Village Information


Village Names:

Official: Apatin
German: Abthausen
Hungarian: Apatin
other: Apathin, Upathin, Apati, Nagyarki

In the Serbian province of Vojvodina, southwest of Sombor, approximately 30 km south of the Hungarian border on the
banks of the Danube.

Geographical Map

Village Statistics:

Earliest Appearance in History: 1011 A.D.
Earliest German Settlement: 1337
German Settlement: 1749
Population (Germans): 2004:    20,000 (600)
                              1921:    13,435 (12,252)
                              1910:    13,136 (11,661)
                              1880:    11,973 (10,668)
Village Street Map
click map to enlarge & then a second time.


Apatin Crest

"A sketch showing that part of the Fernbach von Apatin coat-of-arms that came to symbolize Apatin itself.  Sheaves of wheat over a sunny sky with a ship and fishes below indicating the richness of the land."

Genealogy Records:

FHL microfilm numbers:  638035 – 638044  

Church records from 1826-1895 available on microfilm.
    FHL microfilm numbers:  638035 - 638044

Roman Catholic, Diocese of Kalocsa Church of the Assumption of the Virgin Mary

See Apatin Lookup Volunteers and the books they have at:
Volunteer Look-up Guides included on the Batschka Village Index
The Apatin books I have are listed there and I also have:
    Stefan Stader's Sammelwerk donauschwabischer Kolonisten, Vol. II
    - V only (E-G), (H-Kap), (Kar-L), (M-O)

Villages in the Apatin municipality and available genealogical records:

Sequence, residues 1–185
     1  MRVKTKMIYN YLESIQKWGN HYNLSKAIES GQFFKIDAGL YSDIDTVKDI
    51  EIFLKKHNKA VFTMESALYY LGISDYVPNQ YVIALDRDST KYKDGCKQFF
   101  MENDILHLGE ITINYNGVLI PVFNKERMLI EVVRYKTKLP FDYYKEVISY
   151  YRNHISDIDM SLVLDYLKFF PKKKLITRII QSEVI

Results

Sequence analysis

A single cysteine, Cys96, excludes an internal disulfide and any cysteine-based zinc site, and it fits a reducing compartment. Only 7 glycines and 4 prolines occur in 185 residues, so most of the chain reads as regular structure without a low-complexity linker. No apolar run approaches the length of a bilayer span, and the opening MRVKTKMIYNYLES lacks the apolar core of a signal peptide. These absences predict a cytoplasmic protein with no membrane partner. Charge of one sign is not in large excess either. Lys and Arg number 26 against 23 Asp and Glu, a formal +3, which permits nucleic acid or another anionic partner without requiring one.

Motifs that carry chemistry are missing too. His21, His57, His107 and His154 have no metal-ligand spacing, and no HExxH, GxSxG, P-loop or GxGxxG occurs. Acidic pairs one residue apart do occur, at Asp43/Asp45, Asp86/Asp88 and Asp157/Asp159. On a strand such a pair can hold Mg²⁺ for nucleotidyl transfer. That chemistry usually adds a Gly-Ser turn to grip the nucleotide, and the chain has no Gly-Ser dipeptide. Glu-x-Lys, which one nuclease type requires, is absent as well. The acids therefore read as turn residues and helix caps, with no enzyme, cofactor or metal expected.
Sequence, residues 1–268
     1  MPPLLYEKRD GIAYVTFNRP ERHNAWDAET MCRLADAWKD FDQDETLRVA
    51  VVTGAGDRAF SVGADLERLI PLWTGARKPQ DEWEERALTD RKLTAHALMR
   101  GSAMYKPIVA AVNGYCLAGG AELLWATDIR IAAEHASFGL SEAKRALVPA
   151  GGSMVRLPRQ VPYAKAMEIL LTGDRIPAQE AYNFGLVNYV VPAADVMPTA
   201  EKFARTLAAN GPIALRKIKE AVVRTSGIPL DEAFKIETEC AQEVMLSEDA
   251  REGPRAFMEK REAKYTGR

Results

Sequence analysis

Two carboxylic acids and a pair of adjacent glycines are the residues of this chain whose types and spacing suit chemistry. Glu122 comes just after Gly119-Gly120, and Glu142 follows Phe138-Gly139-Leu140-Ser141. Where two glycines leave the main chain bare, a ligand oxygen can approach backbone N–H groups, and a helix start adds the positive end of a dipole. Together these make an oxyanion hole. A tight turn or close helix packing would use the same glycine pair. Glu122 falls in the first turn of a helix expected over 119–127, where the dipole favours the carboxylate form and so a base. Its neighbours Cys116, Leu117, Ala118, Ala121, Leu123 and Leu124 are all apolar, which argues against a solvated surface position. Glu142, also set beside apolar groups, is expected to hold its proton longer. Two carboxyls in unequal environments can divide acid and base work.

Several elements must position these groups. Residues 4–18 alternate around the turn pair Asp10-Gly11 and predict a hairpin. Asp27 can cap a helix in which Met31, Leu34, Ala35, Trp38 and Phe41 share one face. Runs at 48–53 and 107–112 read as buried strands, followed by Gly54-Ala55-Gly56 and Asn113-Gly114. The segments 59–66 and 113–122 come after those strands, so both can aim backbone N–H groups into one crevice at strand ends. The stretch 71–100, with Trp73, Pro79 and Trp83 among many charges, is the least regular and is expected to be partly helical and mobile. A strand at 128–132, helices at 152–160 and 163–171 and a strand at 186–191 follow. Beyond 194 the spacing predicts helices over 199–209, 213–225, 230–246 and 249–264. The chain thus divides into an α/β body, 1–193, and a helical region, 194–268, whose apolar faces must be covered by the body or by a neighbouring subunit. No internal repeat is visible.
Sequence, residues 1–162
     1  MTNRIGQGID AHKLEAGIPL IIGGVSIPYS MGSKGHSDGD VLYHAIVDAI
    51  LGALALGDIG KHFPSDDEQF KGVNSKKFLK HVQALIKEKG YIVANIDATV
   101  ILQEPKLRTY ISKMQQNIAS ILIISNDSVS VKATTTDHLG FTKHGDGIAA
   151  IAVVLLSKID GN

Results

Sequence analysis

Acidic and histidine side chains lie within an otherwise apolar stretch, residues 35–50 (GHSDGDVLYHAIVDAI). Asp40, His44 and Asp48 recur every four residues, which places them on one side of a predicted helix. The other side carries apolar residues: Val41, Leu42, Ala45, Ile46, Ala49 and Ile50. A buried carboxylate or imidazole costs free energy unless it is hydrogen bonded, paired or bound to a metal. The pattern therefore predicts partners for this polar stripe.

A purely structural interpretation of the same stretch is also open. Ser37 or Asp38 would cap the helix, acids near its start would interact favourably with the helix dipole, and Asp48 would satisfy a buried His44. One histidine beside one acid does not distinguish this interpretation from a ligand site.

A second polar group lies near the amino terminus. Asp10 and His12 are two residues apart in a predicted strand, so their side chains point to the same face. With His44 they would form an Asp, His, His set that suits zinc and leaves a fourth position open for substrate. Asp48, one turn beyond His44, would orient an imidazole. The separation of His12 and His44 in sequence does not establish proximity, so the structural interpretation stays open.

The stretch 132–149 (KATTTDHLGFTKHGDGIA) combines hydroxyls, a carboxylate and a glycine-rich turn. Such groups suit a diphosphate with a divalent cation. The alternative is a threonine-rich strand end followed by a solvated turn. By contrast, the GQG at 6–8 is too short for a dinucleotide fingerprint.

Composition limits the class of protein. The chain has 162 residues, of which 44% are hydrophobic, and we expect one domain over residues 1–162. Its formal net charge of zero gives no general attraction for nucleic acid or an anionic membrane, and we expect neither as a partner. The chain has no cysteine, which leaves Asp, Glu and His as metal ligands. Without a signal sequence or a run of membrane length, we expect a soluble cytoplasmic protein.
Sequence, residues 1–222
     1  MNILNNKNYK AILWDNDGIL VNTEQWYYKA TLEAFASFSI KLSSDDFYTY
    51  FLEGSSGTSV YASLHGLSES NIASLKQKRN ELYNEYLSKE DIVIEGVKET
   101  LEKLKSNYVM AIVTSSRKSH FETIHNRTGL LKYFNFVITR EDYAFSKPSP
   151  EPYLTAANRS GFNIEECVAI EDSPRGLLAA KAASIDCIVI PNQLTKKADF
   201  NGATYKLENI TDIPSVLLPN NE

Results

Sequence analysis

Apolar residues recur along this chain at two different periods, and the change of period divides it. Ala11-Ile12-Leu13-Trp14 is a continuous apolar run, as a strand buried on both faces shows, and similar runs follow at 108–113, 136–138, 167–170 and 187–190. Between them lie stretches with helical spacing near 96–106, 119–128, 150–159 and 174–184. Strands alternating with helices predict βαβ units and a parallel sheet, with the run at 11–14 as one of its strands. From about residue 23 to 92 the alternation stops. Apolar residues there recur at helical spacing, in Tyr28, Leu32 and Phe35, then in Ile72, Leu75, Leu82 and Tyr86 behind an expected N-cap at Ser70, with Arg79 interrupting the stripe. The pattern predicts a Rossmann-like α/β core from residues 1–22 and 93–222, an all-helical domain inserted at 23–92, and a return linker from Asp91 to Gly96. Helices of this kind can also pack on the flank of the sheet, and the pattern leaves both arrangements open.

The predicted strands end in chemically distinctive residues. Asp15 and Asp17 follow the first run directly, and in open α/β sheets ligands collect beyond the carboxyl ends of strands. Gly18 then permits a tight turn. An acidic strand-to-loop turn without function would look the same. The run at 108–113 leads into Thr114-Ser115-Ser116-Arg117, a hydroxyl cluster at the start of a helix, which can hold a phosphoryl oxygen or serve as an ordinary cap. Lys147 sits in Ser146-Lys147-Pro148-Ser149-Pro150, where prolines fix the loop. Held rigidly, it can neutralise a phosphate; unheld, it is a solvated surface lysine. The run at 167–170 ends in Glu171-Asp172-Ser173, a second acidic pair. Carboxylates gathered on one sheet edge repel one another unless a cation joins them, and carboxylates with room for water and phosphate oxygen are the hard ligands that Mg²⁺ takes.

Batsch-Sentiwan (German)
Priglewitz (German)
Sonnhofen (German)
BacsSentiwan (German)
Bácsszentiván / Bacsszentivan (Hungarian)
Szentiván / Szentivan (Hungarian)
Úrszentiván / Urszentivan (Hungarian)
Priglevica Sveti Ivan (Other)
SzentIvan (Other)
Sveti Ivan (Other)
Sentiwan (Other)
Priglevica (Other)
Preigevica Sveti (Other)
Sankt Johann an der Schanze (Other)
Batschsentiwan (Other)
Prigrevica Sveti Ivan, Yugoslavia / Serbia (Official)

Waldau (German)
Szond (Hungarian)
Szonta (Hungarian)
Belsö-Szond / Belso-Szond (Other)
Külsö-Szond / Kulso-Szond (Other)
Kis-Szond (Other)
Nagy-Szonta (Other)
Sonta, Yugoslavia / Serbia (Official)

Szilágyi / Szilagyi  (Hungarian)
Svilojevo, Yugoslavia / Serbia (Official)

Kupuszina  (Hungarian)
Bacskertes / Bácskertes (Hungarian)
(Serbian) Official

Village Heimatortsgemeinschaften (HOG):

(H.O.G. – an organization of former residents)

General information:

Apatin was the largest German colony in the Batschka and was the main base for German expansion in Vojvodina.  Apatin prospered in the 18th and early 19th centuries through trade, handcrafts and shipbuilding.  In 1756 a brewery, which still exists today, was constructed; and one of the largest textile workshops was build in 1764.  Many banks and savings institutions had been established by 1869, and as many as thirty-six brickyards existed at one time.  A railroad connected the city to Sombor and Sonta in 1912 and the shipyard was established in 1913.

Pre-WWI Hungary’s southern border extended to Belgrade.  Apatin was in the Hungarian county (megye) of Bacs Bodrog.  With the 1920 Treaty of Trianon this area was ceded to the Kingdom of Serbs, later becoming part of Yugoslavia, which splintered in 1991.

After WWII, Swabian Germans were killed, expelled or often interned in camps in Serbia or Russia.  Camps near Apatin were Gakowa and Kruschiwl. 

Today there are six hundred ethnic Germans remaining in Apatin.

Map of the 1795 flood in Apatin. . . the area inundated by flood waters is shown in red.

Deutscher Bürgerverein Adam Berenz / German Citizens Association


Apatin Village Coordinators: Beth Tolfree & Boris Masic

© 2004-2020 Beth Tolfree, unless otherwise noted. - Report broken links

Remembering Our Donauschwaben Ancestors

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